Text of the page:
HP Envy 14 Beats Edition Laptop – Hands on Review

The moment had to come. It only seems like yesterday when we first met. I picked her up as she sat at reception. Without any words spoken we went back to my place and enjoyed a fascinating fortnight of getting to know each other. Then she was gone.

Don’t worry my gadgety faithful – I haven’t changed the purpose of this place, I was referring to my test period with HP’s Envy 14 Beats Edition.

I have to say that even Evy’s (as she became to be known) packaging was very classy (see my unboxing of the Envy 14 Beats here) but when I got my hands on her casing…

She’s got the look – The matte-black finish on the lid and wrist rest, attractive dark nickel-plated finish trim around the chassis, the subtle design touches such as the Beats ‘B’ on the keyboard, red accent colours and keyboard backlighting – I could even put up with the Beats logo on the lid and the lit HP logo.

After pawing Evy it was apparent that I was leaving my mark – That matte finish does have a tendency to attract fingerprints and smudges.

At first sight – The 14.5-inch display was bright, clear (perhaps a little glossy) and has a maximum resolution of 1366 x 768 pixels – I used the Envy 14 Beats as my main lappy and found that the screen was nice and sharp and was pretty kind on my eyes.

Dangerous curves – as the 14 Beats Edition has a curvy metal casing she weighed in at 2.58kg. Some may find that too much to handle but compared to my gaming desktop replacement I found the package reassuringly sturdy and not much bother to cart around.

Port-rait of Tracy – Around the edges you’ll find an Ethernet port, a mini DisplayPort, an HDMI output, three USB ports, one of which doubles up as an eSATA port, a DVD rewritable drive (not Blu-ray) and 3.5mm sockets for headphones and a microphone.

Call me picky but this is obviously a premium lappy yet no Blu-ray? Also the lack of VGA/DVI outputs kinda limits hooking the thing up to a monitor – I generally work with an additional monitor attached to my laptop when at home to run recording software or just to have my main work screen with my social networking/email stuff running on my laptop which has a 17″ screen!

Oh, There’s also a webcam stuck on the bezel just above the display for Skype, Chat Roulette and such larks.

See me, touch me – The keyboard, once I got used to the flat keys, is fairly comfy. I was worried at first when struggling to see the keys when the daylight was fading (dark red text on black keys not that great to see) until I realised that the keyboard has a sexy red backlight.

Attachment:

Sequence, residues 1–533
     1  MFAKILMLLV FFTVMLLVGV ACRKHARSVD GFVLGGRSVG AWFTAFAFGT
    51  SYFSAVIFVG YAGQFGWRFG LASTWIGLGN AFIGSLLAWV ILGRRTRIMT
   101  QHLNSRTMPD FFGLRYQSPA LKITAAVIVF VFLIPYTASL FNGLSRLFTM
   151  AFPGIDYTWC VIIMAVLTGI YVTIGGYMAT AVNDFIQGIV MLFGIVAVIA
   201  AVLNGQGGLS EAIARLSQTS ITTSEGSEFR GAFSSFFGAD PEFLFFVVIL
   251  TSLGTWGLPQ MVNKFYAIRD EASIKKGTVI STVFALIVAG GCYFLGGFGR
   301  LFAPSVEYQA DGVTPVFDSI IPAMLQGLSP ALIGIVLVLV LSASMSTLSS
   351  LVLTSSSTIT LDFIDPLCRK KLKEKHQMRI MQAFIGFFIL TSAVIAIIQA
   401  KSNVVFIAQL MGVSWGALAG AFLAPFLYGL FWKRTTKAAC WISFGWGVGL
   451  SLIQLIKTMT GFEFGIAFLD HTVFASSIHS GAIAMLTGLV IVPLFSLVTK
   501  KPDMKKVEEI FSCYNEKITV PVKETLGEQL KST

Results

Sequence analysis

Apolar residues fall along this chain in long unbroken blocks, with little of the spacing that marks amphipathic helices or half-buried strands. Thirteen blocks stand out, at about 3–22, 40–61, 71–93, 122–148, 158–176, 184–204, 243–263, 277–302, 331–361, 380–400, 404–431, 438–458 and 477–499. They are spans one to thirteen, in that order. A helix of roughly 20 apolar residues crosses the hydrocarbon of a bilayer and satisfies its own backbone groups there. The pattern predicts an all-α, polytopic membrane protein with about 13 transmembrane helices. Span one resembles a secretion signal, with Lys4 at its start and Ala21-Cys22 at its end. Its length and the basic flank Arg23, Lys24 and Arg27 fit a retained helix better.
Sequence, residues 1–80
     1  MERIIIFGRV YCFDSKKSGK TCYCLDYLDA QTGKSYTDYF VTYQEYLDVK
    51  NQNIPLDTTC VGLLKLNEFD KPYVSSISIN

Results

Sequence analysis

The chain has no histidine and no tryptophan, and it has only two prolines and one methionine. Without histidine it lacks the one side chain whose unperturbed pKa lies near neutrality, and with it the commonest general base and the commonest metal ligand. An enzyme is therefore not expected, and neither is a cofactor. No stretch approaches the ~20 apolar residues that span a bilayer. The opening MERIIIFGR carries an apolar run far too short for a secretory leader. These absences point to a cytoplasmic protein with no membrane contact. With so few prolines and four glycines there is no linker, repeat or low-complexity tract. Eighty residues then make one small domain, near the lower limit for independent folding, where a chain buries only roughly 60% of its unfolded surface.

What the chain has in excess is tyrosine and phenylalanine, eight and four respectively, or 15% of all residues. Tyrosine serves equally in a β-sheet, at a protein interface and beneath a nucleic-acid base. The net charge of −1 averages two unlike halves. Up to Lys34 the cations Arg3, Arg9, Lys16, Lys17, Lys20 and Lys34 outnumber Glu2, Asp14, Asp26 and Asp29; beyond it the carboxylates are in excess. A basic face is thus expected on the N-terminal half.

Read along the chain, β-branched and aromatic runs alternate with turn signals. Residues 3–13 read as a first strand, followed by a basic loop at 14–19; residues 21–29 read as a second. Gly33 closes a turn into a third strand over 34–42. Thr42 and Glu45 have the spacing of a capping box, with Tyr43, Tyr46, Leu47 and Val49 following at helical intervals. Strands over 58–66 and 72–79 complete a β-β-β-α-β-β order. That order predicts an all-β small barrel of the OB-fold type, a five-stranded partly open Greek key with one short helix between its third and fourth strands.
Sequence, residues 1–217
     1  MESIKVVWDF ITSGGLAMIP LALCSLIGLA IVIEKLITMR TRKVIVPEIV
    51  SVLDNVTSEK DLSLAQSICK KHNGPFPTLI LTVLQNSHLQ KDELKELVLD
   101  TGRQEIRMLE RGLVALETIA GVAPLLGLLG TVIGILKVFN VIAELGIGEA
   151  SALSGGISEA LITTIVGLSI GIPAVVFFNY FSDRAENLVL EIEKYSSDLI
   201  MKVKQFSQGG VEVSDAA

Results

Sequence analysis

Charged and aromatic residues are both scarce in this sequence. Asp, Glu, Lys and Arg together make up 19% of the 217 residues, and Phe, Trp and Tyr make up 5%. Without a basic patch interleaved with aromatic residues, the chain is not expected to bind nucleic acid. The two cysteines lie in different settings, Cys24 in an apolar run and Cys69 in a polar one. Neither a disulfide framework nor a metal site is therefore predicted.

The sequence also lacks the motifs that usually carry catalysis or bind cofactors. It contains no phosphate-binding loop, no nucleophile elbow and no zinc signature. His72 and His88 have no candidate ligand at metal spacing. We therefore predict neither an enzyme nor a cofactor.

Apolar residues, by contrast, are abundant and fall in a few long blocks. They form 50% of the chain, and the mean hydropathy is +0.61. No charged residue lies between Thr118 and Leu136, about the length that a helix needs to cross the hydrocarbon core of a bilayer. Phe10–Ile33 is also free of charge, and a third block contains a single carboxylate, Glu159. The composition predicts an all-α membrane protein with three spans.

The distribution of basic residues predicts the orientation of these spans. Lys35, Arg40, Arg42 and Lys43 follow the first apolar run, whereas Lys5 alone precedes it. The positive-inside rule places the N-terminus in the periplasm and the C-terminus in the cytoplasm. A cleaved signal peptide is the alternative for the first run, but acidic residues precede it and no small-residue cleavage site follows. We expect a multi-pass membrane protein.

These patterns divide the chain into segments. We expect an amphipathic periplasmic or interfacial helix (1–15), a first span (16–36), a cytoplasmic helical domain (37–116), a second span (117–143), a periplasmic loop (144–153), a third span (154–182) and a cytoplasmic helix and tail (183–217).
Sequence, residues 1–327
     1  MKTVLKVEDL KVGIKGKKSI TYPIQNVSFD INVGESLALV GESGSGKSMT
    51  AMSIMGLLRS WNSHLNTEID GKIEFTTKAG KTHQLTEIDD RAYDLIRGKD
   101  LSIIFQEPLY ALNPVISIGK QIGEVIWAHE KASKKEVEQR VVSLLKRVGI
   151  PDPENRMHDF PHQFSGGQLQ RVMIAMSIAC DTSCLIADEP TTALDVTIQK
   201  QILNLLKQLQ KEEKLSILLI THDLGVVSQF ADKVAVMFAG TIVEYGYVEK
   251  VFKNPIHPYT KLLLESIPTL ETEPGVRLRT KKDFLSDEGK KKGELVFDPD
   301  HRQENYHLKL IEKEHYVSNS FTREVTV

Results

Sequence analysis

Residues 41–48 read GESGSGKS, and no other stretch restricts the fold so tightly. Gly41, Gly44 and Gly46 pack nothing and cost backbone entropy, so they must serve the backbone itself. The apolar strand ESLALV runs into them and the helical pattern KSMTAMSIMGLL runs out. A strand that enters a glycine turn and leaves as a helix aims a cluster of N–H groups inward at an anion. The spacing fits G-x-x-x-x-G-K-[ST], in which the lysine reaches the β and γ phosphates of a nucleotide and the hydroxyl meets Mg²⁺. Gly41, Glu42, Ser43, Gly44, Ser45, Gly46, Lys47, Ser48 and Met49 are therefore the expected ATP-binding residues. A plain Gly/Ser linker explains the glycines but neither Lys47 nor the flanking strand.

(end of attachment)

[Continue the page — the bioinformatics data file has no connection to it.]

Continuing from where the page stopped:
Let’s dance – As you can imagine, the Beats Edition has some added sonics (although not the mixing/recording software of the larger models). The in-built front facing speakers are very decent for their size and quite punchy. Clicking [fn] + [b] adds or removes the Beats bass end, you can also expand the Beats equalizer hidden in the right-hand side of the task bar where you’ll find some pre-sets as well as space for a custom EQ of your very own. Naturally, the sound from the laptop through the bundled Beats by Dr Dre Solo cans was enough to get my head bopping whether it was Weather Report, Weezer or Wu-Tang.

One niggle is that when using the volume control buttons it automatically brings up an onscreen volume bar that bumps you out of full-screen games/vids.

Inside – Evy had plenty going on, she was rocking an Intel Core i7-Q820 CPU mated with 4GB of DDR3 RAM. Yeah, that’s what I’m talkin’ about! To make everything purty she was sporting an ATI Mobility Radeon HD5650 graphics card. With those vital stats HD video wasn’t a problem and, after getting my Valve account set up on her, most games would be playable – granted the latest titles may need the graphics settings dialed down a tad but hey, this aint a gaming puter. She’s all about the media – again, still slightly confused about HP skimping on Blu-ray.

There’s a 500GB 7,200rpm hard drive on board too which should give you enough room for your music and vids on the move.

The Envy 14 Beats Edition runs Windows 7 Home Premium 64-bit, with Beats grey theme pre-loaded via Stardock’s theme manager. You also get Adobe Photoshop Elements and Adobe Première Elements ready to go.

The power of love – I managed to get around 3 hours out of the battery in general usage which I think is fair, I liked the fact that the slim power brick had a USB charger built in which was handy. On the subject of USB – the ports on the side of the laptop were a little close and I had to remove my external hard-drive in order to plug in a USB stick – not a major problem but there it us.

Is this love? – There is plenty I liked about Evy. Yeah, the way she looked but it goes deeper than that. The boost in sound quality courtesy of Dr Beats not to mention the added bonus of Dre’s Solo bundled headphones. The graphics should keep this laptop usable for a while to come and where it isn’t a gaming rig it will tackle almost everything else you ask it to do in the realms of chucking polygons about. I found the Envy 14 Beats nice and sturdy and was happy to lug it around – no hernias but plenty of knowing nods when opening her up on a Starbucks table. That sounded a bit wrong didn’t it?

If I was to highlight her blemishes it would be the lack of VGA/DVI out and the refusal to spin Blu-rays. Why Evy? Why?

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